Megan Taylor

front-end dev, volunteacher, news & data junkie, bibliophile, Flyers fan, sci-fi geek and kitteh servant

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Learning Web Design: 6 Blogs, 3 Cheat Sheets and 1 Degree

Over the past few months, I’ve been picking up quite a bit of freelance work. Most of it has been on the technical side of building Web sites. For the most part, I’ve been working with WordPress, so I can send a client a list of appropriate themes and let them decide.

In the scenario that I’m not using an easily theme-able framework, I’m stuck.

So, I’ve been spending some more time looking at design elements on various blogs, how colors and typography and borders are used to make even a simple layout look amazing. I’ve also been collecting resources to keep in mind when working on Web sites.

Six Blogs

  1. Authentic Boredom: Cameron Moll’s design blog.
  2. 24 Ways: 24 ways is the advent calendar for web geeks. Each day throughout December we publish a daily dose of web design and development goodness to bring you all a little Christmas cheer.
  3. Designm.ag: DesignM.ag is a new site that is aimed at providing a wide variety of resources for web designers and developers. The purpose of the site is to keep many useful elements, such as a blog, community news, design gallery, and job board all at one place.
  4. i love typography: iLT is designed to inspire its readers, to make people more aware of the typography that’s around them. We really cannot escape type; it’s everywhere: on road signs, shampoo bottles, toothpaste, and even on billboard posters, in books and magazines, online … the list is endless, and the possibilities equally so.
  5. Jason Santa Maria: This site represents an experiment in art direction online. Rather than allowing the content to flow from a content management system into the same page layout every time, I’ve created a system for fast design direction based on the needs of the content.
  6. Mark Boulton: This is primarily designed to be a portfolio presence for Mark but it also acts as a notebook, journal, experimental space and general dumping ground for designs, commentary and ideas.

Three Cheat Sheets

  1. How a Simple Layout Can Be Mixed ‘n’ Matched with Patterns, Photos and Backgrounds:It’s pretty amazing how much color and background can change the look and feel of a website. In this tutorial we’re going to put together a quick, simple but effective layout and then create variations using backgrounds, photos and patterns. We’ll also look at how to make seamless tiled backgrounds out of a photo, methods for ending a single photo and simple ways to create pixel patterns. In short it’s a jam packed tutorial!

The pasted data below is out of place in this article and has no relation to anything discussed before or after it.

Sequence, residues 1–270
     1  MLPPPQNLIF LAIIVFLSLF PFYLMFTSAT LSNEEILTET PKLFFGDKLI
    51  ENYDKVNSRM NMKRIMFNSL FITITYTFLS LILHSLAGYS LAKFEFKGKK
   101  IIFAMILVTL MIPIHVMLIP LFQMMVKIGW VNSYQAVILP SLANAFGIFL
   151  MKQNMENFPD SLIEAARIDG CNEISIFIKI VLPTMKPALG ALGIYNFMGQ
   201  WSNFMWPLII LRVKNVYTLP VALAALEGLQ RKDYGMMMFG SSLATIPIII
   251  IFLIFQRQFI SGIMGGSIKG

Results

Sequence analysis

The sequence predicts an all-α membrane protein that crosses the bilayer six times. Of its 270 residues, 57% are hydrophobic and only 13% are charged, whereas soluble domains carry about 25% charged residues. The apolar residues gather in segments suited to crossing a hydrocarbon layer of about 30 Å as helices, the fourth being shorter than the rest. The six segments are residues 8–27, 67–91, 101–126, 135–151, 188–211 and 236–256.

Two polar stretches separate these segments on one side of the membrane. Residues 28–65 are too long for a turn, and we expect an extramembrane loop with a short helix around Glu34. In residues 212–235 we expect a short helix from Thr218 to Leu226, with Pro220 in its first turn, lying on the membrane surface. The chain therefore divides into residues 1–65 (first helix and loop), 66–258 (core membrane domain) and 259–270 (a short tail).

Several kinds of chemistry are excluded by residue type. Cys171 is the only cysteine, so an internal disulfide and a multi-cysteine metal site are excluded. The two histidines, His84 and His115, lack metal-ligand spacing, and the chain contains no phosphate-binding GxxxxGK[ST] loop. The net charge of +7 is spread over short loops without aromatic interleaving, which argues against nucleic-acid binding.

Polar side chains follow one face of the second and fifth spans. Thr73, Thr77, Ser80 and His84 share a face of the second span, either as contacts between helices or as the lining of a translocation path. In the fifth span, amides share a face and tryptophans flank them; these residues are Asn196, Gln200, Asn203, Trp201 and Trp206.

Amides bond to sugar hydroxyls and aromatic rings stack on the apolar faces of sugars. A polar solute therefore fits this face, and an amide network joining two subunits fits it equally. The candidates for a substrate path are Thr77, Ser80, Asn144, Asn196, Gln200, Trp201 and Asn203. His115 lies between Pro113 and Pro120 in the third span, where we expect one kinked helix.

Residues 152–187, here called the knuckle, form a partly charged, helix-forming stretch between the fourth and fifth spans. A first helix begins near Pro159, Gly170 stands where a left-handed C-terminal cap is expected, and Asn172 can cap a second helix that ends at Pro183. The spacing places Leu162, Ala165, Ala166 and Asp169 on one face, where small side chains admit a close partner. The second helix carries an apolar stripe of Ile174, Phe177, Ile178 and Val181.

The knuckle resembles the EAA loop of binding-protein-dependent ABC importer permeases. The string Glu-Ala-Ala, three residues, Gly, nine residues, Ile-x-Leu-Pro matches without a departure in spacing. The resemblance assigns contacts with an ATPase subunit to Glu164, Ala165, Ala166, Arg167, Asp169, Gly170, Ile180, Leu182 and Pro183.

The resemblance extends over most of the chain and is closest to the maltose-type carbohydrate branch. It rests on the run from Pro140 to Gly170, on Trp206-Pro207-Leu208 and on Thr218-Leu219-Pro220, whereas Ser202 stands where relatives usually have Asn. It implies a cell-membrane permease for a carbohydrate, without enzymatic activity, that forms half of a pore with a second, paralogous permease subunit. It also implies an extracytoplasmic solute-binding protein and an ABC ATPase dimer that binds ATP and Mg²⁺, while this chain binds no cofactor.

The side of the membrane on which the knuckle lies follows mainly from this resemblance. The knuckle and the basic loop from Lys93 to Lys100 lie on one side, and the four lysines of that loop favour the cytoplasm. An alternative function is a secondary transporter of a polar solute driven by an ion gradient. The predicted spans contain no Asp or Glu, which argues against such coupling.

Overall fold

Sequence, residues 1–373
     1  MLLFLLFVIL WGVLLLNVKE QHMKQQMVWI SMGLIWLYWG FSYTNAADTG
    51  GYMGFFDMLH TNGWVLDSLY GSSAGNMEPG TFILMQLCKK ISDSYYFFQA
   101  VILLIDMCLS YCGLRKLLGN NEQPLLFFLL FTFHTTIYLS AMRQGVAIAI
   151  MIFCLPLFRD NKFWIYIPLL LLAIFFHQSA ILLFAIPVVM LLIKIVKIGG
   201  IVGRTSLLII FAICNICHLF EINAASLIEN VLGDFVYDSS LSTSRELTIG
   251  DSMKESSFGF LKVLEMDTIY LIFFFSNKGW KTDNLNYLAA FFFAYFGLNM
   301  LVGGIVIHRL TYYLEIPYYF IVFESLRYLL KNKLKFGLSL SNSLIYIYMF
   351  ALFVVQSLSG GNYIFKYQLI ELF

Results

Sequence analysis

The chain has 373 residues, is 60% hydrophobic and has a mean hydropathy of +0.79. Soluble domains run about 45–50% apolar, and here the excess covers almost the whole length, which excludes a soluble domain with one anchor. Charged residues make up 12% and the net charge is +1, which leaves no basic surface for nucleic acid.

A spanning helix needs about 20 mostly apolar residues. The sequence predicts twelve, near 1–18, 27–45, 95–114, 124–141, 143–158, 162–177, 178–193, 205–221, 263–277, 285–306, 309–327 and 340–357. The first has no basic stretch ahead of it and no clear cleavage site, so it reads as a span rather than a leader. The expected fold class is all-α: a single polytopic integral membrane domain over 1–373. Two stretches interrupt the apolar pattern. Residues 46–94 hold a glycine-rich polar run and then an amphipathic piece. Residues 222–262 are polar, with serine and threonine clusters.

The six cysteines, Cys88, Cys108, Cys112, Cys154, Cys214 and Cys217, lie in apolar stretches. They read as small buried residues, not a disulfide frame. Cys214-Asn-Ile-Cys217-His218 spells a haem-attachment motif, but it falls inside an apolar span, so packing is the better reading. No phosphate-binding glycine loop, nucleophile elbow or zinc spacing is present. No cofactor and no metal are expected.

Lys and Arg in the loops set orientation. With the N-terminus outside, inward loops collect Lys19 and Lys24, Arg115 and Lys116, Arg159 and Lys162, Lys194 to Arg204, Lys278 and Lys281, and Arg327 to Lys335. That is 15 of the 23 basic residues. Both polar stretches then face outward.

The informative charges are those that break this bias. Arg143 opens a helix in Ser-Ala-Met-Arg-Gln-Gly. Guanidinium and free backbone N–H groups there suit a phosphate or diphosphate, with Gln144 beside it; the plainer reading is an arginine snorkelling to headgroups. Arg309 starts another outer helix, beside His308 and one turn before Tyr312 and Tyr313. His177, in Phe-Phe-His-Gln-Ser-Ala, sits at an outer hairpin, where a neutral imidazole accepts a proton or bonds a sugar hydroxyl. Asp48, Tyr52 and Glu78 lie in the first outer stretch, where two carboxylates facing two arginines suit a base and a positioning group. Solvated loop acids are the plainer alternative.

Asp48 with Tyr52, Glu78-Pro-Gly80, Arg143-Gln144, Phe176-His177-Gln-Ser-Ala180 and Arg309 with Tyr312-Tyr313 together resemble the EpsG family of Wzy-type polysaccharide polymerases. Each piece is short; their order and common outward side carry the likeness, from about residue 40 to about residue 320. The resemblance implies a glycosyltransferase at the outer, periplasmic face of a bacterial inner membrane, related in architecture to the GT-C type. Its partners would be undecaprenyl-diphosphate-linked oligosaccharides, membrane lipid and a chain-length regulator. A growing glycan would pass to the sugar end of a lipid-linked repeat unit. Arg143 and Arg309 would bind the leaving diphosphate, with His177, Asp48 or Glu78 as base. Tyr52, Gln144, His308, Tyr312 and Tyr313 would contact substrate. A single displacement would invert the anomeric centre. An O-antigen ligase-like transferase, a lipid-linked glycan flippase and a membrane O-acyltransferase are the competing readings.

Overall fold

2. 8 Simple Ways to Improve Typography In Your Designs:Many people, designers included, think that typography consists of only selecting a typeface, choosing a font size and whether it should be regular or bold. For most people it ends there. But there is much more to achieving good typography and it’s in the details that designers often neglect.
  3. 10 Simple and Impressive Design Techniques: Simple effects and techniques are the building blocks of today’s designs. With a “less is more” mentality, we’ve selected 10 very simple and impressive design techniques that can drastically improve the performance and appearance of your designs.

One Web Design Degree

  1. The Personal Web Design Degree: The personal web design degree is the response of one designer to the question “What do I need to study to become a web designer?” The truth is that all the information needed to obtain a functional knowledge of web design is out there just waiting to be read. The only thing stopping most designers from doing so is sifting through all the information and knowing what is worth reading.

What are your favorite design resources? Where do you get inspiration?

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First Look at a (new) News Interface

Over the weekend I discovered The New York TimesFirst Look” blog.

I’d never seen this before, although the blog has been around since 2006, when the Times was experimenting with “My Times.”

How did I find it now?

Because the Times is testing a browsing prototype, “the article skimmer.”

Article Skimmer by The New York Times

Article Skimmer by The New York Times

While “First Look” wants to compare the article skimmer to “Reading the Sunday Times, spreading out the paper on a table while eating brunch,” I simply find it an interesting — Ad-free — interface.

In fact, if Dave Winer hadn’t put together this alternative for free, I might have found myself willing to pay up to $25 a year for that slick interface. Here’s Winer’s podcast on what he would pay for from the Times.

Of course, now I can just take Winer’s river of news and spice it up with some CSS.

Don’t worry, Rex Hammock will pay for it.

Happy, Pat?

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Actionscript and Javascript

A few weeks ago I started following a NY listserve for Flash. I’ve gathered a good number of snippets and learned a lot so far, although I’m still just a lurker. I’m hoping to make it to a meet-up soon.

In any case, an item came in about the relationship between Actionscript and Javascript, which really inspired me to finish up my formal education in Javascript so that I can jump head-first into heavier Actionscript.

The e-mail was about a series of lectures hosted on the Yahoo Developer Network by Douglas Crockford. Crockford is Yahoo’s Javascript Architect and author of “Javascript: The Good Parts.”

Because Actionscript 1 was based heavily on Javascript, and AS3 hasn’t changed that much, these lectures are applicable to both languages.

Mentioned specifically were “The Javascript Programming Language” and “Advanced Javascript.”